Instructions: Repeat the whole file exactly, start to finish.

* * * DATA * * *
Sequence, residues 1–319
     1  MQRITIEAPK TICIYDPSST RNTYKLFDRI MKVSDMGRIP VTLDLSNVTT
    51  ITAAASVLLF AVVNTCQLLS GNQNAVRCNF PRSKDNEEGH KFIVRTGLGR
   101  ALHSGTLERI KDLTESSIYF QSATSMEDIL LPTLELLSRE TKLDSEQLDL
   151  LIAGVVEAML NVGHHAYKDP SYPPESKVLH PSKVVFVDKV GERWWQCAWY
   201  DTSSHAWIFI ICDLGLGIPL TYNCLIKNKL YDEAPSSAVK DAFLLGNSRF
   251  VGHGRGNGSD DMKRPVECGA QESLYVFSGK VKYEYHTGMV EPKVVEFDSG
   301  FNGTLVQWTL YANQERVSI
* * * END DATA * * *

Sequence, residues 1–319
     1  MQRITIEAPK TICIYDPSST RNTYKLFDRI MKVSDMGRIP VTLDLSNVTT
    51  ITAAASVLLF AVVNTCQLLS GNQNAVRCNF PRSKDNEEGH KFIVRTGLGR
   101  ALHSGTLERI KDLTESSIYF QSATSMEDIL LPTLELLSRE TKLDSEQLDL
   151  LIAGVVEAML NVGHHAYKDP SYPPESKVLH PSKVVFVDKV GERWWQCAWY
   201  DTSSHAWIFI ICDLGLGIPL TYNCLIKNKL YDEAPSSAVK DAFLLGNSRF
   251  VGHGRGNGSD DMKRPVECGA QESLYVFSGK VKYEYHTGMV EPKVVEFDSG
   301  FNGTLVQWTL YANQERVSI